A giant rainbow flag covered part of Fresno State's Peace Garden, a colorful display with a message from the school's United Student Pride organization. "There's a local movement that's really getting strong. And it's not an angry movement; it's a movement coming towards a place of understanding," said United Student Pride President Julia Scott.
The goal of the "Out is In" event was to reach out to students who otherwise may feel alone. The organization's president says even after coming out to family and friends, there is still a near constant fear of acceptance. "I feel like I've come out over and over again. It's really an ongoing process. Because every time you meet someone, you have to decide how to present yourself," said Scott.
Some deal with the transition better than others. Last month, the suicide of Rutgers University freshman Tyler Clementi sparked outrage throughout the nation. Then two weeks ago, a Buchanan graduate took her own life after the 18 year old started living as Chloe, a transgender woman.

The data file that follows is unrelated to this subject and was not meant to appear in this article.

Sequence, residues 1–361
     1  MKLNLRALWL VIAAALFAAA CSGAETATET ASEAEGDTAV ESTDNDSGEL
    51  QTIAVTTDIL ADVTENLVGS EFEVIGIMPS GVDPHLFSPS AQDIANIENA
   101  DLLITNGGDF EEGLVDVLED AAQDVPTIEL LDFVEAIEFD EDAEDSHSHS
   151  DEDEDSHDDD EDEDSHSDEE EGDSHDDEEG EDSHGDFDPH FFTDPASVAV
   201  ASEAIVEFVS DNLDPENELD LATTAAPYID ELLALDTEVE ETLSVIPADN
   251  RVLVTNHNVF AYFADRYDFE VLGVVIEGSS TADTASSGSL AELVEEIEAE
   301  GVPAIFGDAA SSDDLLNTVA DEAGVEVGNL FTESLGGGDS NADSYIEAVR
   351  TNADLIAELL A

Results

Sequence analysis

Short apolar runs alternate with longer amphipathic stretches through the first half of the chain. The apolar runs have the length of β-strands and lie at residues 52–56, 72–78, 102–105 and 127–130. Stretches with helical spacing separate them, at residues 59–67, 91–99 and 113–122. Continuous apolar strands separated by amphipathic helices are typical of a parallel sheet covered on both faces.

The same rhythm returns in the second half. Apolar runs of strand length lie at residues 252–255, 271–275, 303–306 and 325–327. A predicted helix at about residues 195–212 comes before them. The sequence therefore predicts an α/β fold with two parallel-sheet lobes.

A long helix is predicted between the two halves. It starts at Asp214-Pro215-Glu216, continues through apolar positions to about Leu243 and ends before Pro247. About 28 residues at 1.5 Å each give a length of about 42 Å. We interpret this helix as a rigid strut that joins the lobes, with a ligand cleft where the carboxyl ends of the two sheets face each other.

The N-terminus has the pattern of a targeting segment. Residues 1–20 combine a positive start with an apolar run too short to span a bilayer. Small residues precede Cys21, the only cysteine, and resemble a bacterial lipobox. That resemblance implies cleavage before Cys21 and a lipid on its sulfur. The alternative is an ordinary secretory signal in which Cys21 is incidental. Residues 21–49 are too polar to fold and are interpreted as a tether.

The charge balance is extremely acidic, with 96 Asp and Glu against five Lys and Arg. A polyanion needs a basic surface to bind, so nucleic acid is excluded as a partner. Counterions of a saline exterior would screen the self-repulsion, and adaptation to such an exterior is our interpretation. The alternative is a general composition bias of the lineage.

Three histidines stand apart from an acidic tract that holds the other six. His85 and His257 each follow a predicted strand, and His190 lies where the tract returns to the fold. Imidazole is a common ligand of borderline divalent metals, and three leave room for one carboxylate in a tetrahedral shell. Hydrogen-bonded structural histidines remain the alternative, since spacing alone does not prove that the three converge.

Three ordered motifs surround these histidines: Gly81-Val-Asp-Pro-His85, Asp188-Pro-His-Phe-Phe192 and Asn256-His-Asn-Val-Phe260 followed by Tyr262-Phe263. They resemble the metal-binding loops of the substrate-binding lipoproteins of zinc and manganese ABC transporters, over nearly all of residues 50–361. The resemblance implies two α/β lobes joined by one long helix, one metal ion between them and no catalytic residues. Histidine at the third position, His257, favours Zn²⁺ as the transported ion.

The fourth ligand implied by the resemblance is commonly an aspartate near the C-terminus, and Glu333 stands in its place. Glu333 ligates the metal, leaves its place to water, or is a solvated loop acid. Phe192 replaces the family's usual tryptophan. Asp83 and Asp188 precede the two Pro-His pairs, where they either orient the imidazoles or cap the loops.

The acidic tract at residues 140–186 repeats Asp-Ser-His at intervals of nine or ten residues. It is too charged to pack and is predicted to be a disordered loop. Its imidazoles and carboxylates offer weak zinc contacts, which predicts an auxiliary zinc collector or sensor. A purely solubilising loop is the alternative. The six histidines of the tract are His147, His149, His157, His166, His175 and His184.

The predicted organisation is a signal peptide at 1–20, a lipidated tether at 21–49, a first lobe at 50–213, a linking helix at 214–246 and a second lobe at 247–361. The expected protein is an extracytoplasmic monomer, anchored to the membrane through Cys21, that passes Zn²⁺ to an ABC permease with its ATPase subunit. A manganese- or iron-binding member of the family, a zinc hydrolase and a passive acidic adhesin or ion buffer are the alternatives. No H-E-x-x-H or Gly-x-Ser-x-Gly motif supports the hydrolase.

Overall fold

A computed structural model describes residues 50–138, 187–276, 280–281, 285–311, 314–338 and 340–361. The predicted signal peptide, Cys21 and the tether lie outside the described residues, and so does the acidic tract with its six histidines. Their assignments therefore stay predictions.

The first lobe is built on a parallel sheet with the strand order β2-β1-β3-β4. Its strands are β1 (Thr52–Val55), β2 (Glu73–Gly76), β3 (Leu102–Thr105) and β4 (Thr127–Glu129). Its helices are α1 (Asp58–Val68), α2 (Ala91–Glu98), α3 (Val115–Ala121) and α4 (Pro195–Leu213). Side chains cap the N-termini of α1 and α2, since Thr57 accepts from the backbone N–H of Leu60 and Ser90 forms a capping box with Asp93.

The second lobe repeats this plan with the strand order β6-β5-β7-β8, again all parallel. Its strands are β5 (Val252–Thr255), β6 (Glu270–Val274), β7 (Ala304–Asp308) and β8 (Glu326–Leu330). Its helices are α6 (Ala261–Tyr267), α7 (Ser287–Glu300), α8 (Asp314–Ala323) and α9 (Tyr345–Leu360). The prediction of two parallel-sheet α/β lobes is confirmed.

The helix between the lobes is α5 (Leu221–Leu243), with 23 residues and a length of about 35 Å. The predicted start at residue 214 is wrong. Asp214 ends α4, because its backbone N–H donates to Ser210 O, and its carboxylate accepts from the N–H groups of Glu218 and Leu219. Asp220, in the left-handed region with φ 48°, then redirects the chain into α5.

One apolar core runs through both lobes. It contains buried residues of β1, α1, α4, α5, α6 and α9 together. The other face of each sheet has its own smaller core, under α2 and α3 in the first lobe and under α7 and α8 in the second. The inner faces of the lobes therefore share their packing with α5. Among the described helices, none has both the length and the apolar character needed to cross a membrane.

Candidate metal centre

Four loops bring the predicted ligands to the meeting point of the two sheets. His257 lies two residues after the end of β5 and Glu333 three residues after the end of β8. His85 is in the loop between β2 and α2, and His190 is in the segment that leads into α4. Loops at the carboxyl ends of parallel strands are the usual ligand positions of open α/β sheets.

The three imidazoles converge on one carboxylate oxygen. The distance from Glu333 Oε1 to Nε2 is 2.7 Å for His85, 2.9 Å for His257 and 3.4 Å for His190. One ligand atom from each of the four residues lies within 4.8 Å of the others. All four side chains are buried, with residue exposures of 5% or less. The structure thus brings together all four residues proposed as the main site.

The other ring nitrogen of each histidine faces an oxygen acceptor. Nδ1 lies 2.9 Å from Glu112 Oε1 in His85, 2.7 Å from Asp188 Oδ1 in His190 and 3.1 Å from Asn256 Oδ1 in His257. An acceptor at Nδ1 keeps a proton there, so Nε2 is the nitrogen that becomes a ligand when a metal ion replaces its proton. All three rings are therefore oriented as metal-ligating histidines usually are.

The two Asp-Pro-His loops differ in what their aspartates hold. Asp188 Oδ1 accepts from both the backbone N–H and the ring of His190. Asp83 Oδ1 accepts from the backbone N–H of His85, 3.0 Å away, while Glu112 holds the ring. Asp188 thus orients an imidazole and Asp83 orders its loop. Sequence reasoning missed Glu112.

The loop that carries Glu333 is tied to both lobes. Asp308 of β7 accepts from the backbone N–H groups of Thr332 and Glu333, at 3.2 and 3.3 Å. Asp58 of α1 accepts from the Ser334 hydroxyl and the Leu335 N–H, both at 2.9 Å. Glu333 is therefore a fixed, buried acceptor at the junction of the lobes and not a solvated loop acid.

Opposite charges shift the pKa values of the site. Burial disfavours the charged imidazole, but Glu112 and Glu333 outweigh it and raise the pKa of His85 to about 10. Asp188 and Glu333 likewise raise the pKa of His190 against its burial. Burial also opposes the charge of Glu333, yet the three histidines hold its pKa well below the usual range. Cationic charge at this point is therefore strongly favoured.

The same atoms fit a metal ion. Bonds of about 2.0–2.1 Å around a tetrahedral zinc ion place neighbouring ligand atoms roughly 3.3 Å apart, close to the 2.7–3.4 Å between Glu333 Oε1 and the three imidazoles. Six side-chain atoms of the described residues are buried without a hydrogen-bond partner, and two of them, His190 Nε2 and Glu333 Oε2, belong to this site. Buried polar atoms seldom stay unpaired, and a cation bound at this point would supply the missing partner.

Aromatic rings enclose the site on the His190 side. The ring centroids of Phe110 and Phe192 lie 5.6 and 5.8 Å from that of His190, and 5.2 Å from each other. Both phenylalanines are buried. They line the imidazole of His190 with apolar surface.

Monday, The Trevor Project set up a booth at Fresno State. The suicide prevention program is specifically for LGBT youth, who are four times more likely to commit suicide than their peers.
RaeAnn Redepenning moved all the way to California from the Midwest in hopes of finding acceptance. The graduate student has found support from peers but not her family. "You can't call your mom and just cry sometimes. That's probably the most difficult part about being gay and not being accepted by my parents," said Redepenning. Redepenning and fellow United Student Pride members still have hope for better understanding, though... a future where coming out is truly "in."